NASAno Rains Ash, Rock on Java: Photos
NASA today released this image of the polar vortex, the weird atmospheric twitch that flooded into the United States last month. The purple wavy line above that wanders down from the Arctic shows the below-average temperatures that set cold records in many states.
From NASA’s Facebook page:
“The Big Chill – Blistering cold air from the Arctic plunged southward this winter, breaking U.S. temperature records. A persistent pattern of winds spins high above the Arctic in winter. The winds, known as the polar vortex, typically blow in a fairly tight circular formation. But in late December 2013 and early January 2014, the winds loosened and frigid Arctic air spilled farther south than usual, deep into the continental United States. On Jan. 6, 2014, alone, approximately 50 daily record low temperatures were set, from Colorado to Alabama to New York, according to the National Weather Service. In some places temperatures were 40 degrees Fahrenheit colder than average.”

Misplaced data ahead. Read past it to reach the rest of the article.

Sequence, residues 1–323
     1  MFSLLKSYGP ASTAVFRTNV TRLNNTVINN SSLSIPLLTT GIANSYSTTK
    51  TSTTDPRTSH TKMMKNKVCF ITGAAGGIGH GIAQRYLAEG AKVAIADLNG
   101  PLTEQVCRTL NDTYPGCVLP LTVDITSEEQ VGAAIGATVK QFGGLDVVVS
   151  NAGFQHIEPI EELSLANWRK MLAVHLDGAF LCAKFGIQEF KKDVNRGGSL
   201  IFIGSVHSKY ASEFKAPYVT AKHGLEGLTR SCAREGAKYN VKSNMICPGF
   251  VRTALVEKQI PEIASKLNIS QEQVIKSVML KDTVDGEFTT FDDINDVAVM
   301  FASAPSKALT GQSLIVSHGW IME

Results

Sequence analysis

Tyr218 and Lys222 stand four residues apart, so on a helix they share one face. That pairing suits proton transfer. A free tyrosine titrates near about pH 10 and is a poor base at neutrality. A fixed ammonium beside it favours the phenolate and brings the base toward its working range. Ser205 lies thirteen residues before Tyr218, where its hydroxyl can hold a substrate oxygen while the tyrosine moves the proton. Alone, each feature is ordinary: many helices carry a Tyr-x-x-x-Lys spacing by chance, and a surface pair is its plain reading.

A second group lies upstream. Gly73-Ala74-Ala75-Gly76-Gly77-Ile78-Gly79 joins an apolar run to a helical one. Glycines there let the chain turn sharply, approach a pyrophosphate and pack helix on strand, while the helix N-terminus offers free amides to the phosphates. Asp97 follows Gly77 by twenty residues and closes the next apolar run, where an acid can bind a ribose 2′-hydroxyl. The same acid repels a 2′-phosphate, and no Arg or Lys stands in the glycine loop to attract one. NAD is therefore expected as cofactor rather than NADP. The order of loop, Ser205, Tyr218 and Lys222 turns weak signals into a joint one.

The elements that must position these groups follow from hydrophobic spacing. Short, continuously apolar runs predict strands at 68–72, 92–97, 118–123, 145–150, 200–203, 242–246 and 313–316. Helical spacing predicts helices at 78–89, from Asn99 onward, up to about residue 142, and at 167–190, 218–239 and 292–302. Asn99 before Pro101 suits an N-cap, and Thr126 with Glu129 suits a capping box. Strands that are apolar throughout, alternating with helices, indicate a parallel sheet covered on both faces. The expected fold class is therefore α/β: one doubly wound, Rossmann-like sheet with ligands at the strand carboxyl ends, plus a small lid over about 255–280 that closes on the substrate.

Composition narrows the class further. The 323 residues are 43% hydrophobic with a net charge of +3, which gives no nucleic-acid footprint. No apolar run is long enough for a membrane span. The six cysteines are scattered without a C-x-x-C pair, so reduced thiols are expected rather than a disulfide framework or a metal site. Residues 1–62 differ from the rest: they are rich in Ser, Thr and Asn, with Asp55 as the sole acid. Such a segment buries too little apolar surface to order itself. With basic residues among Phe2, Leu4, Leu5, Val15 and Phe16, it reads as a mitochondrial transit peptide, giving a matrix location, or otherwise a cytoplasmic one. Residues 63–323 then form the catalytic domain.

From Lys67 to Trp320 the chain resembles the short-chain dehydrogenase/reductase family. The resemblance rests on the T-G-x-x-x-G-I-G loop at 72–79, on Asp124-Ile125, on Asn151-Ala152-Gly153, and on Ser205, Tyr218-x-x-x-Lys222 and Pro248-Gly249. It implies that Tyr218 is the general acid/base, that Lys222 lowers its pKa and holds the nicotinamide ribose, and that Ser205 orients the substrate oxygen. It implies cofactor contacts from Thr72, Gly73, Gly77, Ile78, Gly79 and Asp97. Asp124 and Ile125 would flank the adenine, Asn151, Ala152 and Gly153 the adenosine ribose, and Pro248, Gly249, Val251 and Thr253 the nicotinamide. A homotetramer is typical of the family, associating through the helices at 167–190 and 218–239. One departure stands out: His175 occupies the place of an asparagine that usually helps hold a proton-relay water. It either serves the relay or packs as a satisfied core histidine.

Wind chill advisory: Check out how cold it will feel in Grand Rapids
on February 27, 2014 at 3:53 PM, updated February 27, 2014 at 4:23 PM
GRAND RAPIDS, MI — Don’t let the Thursday afternoon sun fool you.
A wind chill advisory is in effect until 11 a.m. Friday following the National Weather Service canceling a winter weather advisory. With snow showers mostly out of the picture, there’s now a greater focus on how cold it’ll feel when the sun comes up.
“Feels like” temperatures will be at their lowest after 4 a.m. Friday, with some readings approaching minus 25 degrees, according to the National Weather Service in Grand Rapids.
Forecasters say there likely will be a bit of a lull in wind speeds late tonight through the early morning hours, but an approaching weather system is positioned to kick them back up again to about 5 to 15 mph. It won’t take much for the wind, coupled with an overnight low of minus 7 degrees, to knock down those readings quickly.